In my search for my unique voice that I began last year, I came to understand that stories of reconciliation, vulnerability and hope were themes that I cling to.  These are the stories I want to tell.  Here are some great examples of stories that touch me and energize my desire to ignite passion in others with a similar tone.

The Secret Life of Walter Mitty.  Oh, this movie.  I can’t get enough of it.  From the kick ass soundtrack to the gradual change of one man’s life from risk-averse to living to the fullest, this film makes me laugh, cry and hope all at once.  This is a story that can be told again and again and again.  It’s not affected.  It’s not cheap.  It’s vulnerable, it’s real and it’s lovely.  It does this all without resorting to cheeseball family film territory, or rated x content.  See, it can be done!  Watch this immediately.  Repeat on a rainy day.  Then buy the soundtrack and tell me which song is your favorite.  Mine is Step Out.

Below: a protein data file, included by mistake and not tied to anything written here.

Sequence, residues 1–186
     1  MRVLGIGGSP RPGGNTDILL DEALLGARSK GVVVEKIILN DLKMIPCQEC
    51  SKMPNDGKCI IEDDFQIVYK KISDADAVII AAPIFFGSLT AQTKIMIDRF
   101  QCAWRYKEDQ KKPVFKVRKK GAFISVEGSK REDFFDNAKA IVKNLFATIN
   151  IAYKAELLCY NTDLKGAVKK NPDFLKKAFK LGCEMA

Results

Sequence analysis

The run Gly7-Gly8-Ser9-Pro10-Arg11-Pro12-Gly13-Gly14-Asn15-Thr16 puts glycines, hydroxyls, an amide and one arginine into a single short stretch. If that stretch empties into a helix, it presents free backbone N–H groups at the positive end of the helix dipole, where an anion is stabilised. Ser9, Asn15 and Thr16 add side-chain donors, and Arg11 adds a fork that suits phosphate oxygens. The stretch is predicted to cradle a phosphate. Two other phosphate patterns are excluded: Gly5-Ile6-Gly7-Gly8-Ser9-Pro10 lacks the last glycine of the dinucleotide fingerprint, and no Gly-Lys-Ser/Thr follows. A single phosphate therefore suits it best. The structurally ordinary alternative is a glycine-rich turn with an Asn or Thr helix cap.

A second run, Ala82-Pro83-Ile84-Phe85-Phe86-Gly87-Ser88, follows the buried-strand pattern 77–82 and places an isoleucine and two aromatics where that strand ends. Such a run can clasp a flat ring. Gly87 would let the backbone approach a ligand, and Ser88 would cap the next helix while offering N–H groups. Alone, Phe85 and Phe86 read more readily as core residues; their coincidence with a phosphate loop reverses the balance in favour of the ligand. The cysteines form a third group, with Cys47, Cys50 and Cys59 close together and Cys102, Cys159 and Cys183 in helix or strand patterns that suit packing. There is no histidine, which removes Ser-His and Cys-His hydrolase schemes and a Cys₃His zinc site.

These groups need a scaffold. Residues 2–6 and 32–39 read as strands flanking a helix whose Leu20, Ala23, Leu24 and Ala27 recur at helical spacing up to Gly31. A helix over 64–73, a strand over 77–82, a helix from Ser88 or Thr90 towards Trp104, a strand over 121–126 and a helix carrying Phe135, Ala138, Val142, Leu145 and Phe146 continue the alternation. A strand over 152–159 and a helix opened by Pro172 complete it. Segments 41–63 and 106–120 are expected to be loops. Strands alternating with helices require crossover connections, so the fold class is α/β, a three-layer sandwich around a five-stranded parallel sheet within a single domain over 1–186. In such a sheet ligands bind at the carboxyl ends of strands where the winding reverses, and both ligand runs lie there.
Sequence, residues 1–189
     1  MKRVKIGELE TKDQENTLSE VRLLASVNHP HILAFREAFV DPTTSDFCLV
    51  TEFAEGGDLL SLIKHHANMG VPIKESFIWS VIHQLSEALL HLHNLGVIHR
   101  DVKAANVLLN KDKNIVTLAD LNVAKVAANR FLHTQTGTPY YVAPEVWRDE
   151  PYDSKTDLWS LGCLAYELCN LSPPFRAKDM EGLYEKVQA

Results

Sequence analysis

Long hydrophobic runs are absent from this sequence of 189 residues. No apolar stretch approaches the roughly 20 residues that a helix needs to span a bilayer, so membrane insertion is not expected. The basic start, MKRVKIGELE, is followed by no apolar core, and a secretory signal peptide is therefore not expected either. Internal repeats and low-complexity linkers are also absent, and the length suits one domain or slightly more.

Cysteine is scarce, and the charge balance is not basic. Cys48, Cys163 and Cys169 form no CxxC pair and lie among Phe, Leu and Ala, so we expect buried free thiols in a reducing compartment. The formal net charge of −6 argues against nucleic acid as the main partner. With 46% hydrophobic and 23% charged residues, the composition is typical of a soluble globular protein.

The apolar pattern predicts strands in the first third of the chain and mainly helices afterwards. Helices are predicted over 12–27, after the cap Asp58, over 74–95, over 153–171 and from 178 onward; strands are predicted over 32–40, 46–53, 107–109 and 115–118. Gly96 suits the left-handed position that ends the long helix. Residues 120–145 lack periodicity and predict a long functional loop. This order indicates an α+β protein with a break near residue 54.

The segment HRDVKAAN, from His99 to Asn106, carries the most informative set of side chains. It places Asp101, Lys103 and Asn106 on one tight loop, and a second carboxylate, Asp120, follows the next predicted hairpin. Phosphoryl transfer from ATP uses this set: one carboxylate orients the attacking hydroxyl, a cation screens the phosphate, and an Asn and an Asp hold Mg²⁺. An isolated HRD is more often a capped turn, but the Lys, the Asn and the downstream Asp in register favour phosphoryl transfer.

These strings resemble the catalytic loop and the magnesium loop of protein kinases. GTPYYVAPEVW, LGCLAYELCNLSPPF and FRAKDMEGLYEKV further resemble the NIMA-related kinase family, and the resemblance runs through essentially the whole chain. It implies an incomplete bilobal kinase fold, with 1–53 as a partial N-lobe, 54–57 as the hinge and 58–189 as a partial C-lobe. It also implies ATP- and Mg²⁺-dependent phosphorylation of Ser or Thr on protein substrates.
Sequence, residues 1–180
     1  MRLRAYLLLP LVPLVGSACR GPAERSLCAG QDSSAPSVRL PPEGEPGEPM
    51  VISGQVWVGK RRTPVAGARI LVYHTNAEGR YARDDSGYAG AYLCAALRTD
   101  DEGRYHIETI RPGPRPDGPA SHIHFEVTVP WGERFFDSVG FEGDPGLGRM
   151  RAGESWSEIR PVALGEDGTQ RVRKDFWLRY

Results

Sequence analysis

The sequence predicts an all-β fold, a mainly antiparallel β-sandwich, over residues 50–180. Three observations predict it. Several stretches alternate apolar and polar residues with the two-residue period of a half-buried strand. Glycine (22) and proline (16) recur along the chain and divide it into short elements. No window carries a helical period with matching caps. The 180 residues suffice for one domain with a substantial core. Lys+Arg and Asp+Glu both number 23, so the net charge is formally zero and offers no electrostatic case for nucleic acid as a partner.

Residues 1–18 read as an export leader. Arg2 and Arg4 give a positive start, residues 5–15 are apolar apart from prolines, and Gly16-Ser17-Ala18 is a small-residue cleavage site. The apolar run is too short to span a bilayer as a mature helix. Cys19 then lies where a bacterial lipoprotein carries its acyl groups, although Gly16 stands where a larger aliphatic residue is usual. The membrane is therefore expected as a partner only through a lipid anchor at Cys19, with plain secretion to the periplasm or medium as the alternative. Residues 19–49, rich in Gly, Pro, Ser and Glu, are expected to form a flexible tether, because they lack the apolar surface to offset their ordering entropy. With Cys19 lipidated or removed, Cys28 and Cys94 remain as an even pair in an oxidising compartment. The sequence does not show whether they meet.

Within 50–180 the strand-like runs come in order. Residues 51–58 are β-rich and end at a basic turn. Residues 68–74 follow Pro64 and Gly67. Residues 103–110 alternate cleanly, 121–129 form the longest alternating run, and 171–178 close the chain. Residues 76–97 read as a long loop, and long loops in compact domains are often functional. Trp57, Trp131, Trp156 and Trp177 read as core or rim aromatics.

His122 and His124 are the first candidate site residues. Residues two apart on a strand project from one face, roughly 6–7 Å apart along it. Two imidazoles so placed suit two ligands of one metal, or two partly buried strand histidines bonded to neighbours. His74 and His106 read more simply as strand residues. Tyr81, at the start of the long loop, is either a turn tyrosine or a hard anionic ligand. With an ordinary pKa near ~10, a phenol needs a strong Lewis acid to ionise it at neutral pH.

The Philadelphia Story.  This is one of the most perfect films ever made.  Tracy Lord (played to acidic gold by Hepburn) is taken on a journey over 2 days of self discovery, humility, forgiveness and relocating her heart.  The dialogue is flawless, but there is so much story told in visuals as well.  The character change hinges on a line spoken to Lord by her estranged father- “You have everything it takes to make a lovely woman except the one essential.  An understanding heart.  And without that you might just as well be made of bronze”.  Out goes the model of calm, cool and poised, and enters the radiant, loving Tracy, pliable to life’s adventures.